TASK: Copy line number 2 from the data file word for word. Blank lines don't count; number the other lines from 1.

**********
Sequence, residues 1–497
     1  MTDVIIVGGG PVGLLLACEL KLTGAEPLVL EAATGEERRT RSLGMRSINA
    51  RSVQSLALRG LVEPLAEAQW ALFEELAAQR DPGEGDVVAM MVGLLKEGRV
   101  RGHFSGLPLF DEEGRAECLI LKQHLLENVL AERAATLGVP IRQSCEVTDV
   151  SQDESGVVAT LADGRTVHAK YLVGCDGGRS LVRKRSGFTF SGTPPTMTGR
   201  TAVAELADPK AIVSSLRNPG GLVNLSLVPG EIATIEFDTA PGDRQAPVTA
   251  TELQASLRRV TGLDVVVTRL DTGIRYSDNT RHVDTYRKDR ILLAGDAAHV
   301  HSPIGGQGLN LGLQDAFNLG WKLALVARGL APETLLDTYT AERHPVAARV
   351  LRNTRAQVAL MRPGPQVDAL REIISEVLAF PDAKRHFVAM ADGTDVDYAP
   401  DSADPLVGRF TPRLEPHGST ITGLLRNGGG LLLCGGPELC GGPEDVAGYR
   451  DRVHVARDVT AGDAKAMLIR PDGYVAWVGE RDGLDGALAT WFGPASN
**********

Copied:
     1  MTDVIIVGGG PVGLLLACEL KLTGAEPLVL EAATGEERRT RSLGMRSINA